What do they need to do to stay up? A win and Derby failing to do the same will see the Millers start a new season in the same division they ended the last one for the first time since 2016.
23rd – Sheffield Wednesday (40 points)
How has it come to this? Much like Derby’s struggles, Wednesday’s on-pitch problems have been matched by chaos away from the field.
The Owls started the season with a 12-point deduction, later reduced to six after a successful appeal against the severity of the punishment, for breaching EFL spending regulations.
They moved off the bottom of the table with a 0-0 draw with Millwall on 7 November but boss Garry Monk was then sacked two days later by owner Dejphon Chansiri and replaced by veteran Tony Pulis.
The Welshman’s spell in charge amounted to a single win from 10 matches before he was also sacked on 28 December with the Owls in 23rd position, three points adrift of safety.
Their form initially picked up under caretaker Neil Thompson and they moved out of the relegation zone and to a season-high 20th place with a 1-0 home win over struggling Derby on 1 January.
They moved out of the bottom three again with a 2-0 win over lowly Wycombe on 9 February but then lost the following four matches before Darren Moore became their third manager of the season.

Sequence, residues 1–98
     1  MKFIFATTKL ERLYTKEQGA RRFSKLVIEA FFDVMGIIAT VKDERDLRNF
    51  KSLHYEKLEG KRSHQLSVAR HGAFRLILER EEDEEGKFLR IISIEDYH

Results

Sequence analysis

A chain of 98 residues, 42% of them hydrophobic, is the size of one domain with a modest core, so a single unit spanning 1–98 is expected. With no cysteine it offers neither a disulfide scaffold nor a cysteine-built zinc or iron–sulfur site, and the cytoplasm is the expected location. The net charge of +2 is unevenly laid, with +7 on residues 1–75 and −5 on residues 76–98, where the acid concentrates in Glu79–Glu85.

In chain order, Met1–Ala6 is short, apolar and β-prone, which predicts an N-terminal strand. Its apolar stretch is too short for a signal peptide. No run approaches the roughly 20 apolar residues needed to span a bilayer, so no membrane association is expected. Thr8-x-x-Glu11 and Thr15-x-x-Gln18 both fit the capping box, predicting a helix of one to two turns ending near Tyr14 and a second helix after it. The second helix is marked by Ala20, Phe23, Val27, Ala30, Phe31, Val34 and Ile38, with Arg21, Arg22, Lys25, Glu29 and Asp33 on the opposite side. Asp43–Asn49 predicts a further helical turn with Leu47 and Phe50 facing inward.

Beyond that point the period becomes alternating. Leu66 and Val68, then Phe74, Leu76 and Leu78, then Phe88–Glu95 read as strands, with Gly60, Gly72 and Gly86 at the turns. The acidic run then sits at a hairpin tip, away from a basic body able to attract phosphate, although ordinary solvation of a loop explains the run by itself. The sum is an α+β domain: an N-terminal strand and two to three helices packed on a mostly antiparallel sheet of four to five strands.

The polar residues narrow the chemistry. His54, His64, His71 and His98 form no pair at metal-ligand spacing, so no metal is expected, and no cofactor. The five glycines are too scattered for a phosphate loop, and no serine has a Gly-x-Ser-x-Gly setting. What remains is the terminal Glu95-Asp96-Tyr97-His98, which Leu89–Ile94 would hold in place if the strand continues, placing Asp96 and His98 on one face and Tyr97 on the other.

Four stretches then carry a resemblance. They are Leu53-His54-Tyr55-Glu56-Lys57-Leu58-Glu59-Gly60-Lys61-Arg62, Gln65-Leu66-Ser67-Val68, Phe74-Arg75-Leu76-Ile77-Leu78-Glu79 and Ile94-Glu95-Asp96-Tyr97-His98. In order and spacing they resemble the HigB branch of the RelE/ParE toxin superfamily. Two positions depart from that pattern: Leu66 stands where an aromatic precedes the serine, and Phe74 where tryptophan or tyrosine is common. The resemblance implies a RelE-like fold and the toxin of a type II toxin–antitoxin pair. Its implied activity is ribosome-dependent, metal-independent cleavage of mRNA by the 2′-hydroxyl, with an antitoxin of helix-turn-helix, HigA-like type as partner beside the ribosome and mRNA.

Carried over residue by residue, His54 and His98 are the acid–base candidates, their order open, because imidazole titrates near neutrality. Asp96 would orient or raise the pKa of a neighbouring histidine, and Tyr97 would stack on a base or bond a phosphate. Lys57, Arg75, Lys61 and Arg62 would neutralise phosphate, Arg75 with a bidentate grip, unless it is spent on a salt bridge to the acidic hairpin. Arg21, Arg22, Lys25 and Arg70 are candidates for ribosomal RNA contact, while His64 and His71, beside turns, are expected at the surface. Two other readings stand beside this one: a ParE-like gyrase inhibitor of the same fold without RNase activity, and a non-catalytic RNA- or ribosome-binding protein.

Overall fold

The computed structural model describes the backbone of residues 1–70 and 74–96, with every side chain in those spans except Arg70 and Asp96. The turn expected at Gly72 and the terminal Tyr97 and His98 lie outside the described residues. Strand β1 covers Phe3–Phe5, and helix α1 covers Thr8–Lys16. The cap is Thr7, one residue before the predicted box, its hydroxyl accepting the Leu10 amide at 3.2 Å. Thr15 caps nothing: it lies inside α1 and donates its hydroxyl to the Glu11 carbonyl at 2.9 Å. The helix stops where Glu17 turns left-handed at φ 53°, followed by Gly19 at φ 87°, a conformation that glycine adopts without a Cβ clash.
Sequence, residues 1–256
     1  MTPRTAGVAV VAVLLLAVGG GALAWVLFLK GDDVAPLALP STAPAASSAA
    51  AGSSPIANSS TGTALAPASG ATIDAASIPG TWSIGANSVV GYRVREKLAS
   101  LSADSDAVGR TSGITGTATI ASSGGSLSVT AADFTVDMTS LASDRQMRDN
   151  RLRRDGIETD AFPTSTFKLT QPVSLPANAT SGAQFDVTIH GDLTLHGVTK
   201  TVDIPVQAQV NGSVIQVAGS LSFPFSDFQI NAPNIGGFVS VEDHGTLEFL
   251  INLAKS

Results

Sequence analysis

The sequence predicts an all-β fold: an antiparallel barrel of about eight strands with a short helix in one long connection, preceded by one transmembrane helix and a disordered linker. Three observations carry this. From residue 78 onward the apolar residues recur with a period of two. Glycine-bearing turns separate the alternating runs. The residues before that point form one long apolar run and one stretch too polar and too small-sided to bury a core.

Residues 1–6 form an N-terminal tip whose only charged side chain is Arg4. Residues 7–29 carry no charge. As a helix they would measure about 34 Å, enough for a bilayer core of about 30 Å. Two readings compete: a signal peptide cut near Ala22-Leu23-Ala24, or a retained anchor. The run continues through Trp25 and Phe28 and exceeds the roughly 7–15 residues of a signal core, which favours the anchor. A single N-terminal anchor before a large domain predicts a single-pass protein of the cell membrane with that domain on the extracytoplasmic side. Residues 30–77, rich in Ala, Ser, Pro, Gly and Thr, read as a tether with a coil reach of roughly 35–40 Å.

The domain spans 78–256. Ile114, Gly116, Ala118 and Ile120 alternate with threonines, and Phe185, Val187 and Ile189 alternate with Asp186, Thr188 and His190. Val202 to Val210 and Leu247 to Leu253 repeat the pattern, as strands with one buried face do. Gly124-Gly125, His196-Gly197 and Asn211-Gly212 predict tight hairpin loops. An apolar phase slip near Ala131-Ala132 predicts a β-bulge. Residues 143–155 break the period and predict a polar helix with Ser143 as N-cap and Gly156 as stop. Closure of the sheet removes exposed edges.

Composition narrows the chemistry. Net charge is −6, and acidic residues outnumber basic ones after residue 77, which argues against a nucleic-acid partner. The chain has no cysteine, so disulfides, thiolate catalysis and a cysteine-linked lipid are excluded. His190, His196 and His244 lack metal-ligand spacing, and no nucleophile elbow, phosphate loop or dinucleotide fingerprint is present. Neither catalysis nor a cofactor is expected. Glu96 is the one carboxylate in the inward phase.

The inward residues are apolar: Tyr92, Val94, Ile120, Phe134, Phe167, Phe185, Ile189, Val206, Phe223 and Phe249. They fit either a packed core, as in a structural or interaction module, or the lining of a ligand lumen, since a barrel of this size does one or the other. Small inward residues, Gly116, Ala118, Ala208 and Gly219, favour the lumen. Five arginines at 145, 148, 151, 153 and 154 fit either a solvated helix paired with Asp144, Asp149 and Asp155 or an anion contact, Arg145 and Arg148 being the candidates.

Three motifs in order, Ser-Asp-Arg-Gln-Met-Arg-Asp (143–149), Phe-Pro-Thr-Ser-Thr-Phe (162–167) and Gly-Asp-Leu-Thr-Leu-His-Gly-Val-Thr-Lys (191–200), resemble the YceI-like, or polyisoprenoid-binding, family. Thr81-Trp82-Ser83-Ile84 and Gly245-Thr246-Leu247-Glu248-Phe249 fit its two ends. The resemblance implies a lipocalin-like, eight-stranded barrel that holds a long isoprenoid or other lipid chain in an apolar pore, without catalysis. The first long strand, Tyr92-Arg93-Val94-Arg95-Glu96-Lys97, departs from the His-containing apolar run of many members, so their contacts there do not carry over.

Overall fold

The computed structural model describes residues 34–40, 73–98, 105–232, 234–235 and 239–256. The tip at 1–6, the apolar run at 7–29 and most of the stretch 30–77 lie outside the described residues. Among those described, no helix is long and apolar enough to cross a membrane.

He lost his first three matches and then missed a couple of games after testing positive for Covid-19 before having to step away for an extended period after contracting pneumonia.
The Owls have been on the edge for weeks now and had Derby won either of their past two games they would already be down.
What do they need to do to stay up? Win. Anything other than a win will see the Hillsborough side relegated back down to League One for the time since 2012.
Should Rotherham also win then Wednesday will go down regardless of whether they record a victory at Pride Park.
24th – Wycombe Wanderers (40 points)
How has it come to this? Wycombe’s first ever season at this level of English football was always going to be a slog and so it has proved to be.
The Chairboys came up via the play-offs having qualified for the top six in League One on a points-per-game basis after the third tier season was curtailed because of the coronavirus pandemic.
It looked like being a record-breaking season for the wrong reasons when they lost their first seven matches.
Credit must go to boss Gareth Ainsworth and his players for recovering to even be competitive in a league where their budget is dwarfed by most of their opponents. Of the four strugglers, they are the ones in the best form right now, with five wins from their past 10 matches.
However, they have spent just one week outside the relegation zone all season and, realistically, their chances of avoiding a return to the third tier on Saturday are virtually non-existent.
Ainsworth accepted that they were down last Saturday after their impressive 1-0 win over Bournemouth and admitted the fact they were going to end the season just one or two points short of safety was “beyond his wildest dreams”.
What do they need to stay up? A miracle.
Wycombe will need to beat Middlesbrough by 12 goals, hope that Sheffield Wednesday beat Derby by a single-goal margin and that Rotherham fail to win in Cardiff.